The CAADP and the emerging economies: The case of Ethiopia
Over the last two decades Ethiopia has experienced strong and increasing growth in its agricultural sector, which has played a major role in reducing poverty and improving food security. Ethiopia’s approach to agricultural change is closely aligned to the one adopted in the Comprehensive African Agricultural Development Programme (CAADP).While increased aid, public investment and reform debates that have been the hallmark of the CAADP approach have played their role in recent agricultural growth, the key emphasis going forward is on private sector growth and investment. Foreign investment in agriculture has been encouraged by government and has increased in recent years. Notably, it is not only investors from the main traditional donor supporters of agriculture that have been investing in Ethiopia, but also firms from new emerging economy players such as India and Saudi Arabia. Objective of the study Against this backdrop, this paper examines the complex relationships between ‘traditional’ developed country partners (such as the EU and US), newer emerging economies (including Brazil, China and India) and government policies and institutions in Ethiopia. These relationships are examined in terms of cooperation to reach the development goals espoused in the CAADP, notably through provision of increased levels of assistance to support agriculture with accompanying public investment and reform on the part of African governments. They are also examined in terms of private investment, and how well policies in this area are integrated into the holistic approach to agricultural development that is promoted under the CAADP. Key findings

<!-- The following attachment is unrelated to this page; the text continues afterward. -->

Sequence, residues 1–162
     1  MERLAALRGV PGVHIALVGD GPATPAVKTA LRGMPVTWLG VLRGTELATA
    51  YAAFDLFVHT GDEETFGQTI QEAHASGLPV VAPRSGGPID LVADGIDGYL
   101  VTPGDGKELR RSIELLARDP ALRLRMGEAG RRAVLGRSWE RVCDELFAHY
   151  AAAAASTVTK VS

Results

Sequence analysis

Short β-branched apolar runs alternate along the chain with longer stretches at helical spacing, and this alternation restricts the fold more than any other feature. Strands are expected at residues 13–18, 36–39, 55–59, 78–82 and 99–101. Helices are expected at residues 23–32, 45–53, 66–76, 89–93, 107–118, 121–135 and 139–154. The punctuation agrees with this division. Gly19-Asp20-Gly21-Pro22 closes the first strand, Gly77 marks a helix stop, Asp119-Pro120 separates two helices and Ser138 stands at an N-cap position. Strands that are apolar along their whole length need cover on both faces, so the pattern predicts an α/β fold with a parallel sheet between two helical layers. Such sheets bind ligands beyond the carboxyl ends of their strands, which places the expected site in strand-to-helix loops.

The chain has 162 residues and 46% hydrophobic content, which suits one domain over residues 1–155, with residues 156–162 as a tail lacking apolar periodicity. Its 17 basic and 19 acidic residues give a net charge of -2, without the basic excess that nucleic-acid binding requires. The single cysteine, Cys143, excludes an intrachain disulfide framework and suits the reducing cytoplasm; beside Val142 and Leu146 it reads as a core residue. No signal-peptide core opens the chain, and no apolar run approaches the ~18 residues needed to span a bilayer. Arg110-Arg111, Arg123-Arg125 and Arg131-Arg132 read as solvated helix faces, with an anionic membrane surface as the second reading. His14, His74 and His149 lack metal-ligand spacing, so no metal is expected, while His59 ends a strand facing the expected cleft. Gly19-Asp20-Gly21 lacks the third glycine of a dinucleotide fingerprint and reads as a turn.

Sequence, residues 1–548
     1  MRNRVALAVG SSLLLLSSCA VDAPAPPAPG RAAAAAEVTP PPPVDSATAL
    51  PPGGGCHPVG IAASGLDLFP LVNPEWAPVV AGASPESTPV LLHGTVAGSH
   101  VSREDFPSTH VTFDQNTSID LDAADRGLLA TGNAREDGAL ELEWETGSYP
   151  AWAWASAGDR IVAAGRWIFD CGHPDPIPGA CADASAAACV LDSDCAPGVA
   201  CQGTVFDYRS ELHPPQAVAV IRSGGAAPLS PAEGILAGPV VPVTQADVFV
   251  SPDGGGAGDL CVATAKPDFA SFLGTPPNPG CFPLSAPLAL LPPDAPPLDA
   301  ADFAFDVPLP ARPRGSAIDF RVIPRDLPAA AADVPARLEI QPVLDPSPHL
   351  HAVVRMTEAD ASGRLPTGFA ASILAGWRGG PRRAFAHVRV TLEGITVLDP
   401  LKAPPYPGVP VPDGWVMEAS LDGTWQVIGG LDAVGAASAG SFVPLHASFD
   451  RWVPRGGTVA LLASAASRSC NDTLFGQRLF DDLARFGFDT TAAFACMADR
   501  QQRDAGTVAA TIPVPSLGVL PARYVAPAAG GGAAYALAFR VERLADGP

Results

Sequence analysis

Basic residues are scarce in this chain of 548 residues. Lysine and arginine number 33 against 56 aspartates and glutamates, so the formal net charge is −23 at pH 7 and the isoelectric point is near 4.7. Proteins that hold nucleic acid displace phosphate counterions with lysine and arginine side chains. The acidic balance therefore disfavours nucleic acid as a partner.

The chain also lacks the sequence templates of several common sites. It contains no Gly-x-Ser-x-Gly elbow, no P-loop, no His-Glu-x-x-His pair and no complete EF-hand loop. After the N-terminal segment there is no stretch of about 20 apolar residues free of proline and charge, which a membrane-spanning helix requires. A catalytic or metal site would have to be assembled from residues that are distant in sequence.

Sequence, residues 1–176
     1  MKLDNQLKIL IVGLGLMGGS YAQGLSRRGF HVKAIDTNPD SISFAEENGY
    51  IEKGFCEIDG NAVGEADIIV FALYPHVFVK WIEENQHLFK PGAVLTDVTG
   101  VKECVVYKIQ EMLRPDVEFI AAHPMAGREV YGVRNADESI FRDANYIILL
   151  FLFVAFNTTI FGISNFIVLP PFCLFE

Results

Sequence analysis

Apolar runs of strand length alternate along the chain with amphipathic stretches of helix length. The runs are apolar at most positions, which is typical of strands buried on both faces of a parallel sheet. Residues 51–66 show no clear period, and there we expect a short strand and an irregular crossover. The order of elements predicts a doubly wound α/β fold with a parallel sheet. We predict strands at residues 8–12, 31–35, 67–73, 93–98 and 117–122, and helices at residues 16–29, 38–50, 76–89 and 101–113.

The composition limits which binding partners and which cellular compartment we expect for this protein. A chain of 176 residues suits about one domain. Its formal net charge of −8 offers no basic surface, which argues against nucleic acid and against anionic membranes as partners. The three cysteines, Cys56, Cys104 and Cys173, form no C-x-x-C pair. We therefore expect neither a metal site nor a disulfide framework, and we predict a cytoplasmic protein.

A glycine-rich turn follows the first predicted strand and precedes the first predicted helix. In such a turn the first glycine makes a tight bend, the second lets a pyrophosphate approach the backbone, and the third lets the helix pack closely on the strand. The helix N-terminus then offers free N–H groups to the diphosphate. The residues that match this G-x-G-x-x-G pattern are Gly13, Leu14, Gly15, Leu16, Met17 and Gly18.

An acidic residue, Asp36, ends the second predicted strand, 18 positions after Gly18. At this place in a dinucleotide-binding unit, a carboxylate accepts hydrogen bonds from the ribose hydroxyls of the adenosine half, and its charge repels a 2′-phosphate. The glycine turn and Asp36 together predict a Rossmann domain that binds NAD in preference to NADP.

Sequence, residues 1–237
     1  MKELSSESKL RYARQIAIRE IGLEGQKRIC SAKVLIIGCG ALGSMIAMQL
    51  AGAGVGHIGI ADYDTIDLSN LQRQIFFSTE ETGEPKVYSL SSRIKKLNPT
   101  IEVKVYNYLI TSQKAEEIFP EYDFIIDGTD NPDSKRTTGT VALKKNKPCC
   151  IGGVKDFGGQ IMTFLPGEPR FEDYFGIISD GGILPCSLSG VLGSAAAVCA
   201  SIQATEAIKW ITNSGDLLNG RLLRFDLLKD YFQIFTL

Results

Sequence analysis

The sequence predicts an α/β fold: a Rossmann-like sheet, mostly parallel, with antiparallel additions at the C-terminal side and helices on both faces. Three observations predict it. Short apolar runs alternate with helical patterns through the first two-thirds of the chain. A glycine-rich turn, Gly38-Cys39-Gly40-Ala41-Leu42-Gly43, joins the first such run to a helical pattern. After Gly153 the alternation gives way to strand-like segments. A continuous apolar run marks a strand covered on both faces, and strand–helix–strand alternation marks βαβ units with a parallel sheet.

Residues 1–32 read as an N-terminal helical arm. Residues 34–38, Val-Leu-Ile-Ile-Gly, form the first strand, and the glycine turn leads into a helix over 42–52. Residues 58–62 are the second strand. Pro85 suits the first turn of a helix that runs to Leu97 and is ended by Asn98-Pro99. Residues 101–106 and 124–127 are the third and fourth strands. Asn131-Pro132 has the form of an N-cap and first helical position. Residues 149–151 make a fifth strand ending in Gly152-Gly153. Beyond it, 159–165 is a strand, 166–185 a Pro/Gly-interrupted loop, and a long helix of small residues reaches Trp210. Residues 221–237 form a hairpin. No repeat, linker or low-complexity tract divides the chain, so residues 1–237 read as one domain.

Ethiopia’s agricultural growth is supported by policies and assistance aligned to CAADP and increased foreign investment, but traditional and emerging economy partners have engaged in different ways in the sector.
Despite the adoption of CAADP as the main cooperation framework, and the high importance placed on agriculture by the government, assistance remains dominated by traditional development partners.
Policies and practices regarding aid, private investment and related areas such as land are treated separately from each other, which has weakened the intended linkages between CAADP-related assistance, reforms and the drive for greater investment.
Promoting the CAADP vision of a more holistic and ‘development friendly’ approach to agriculture will require African governments in particular to seek more active involvement from emerging economies alongside traditional partners.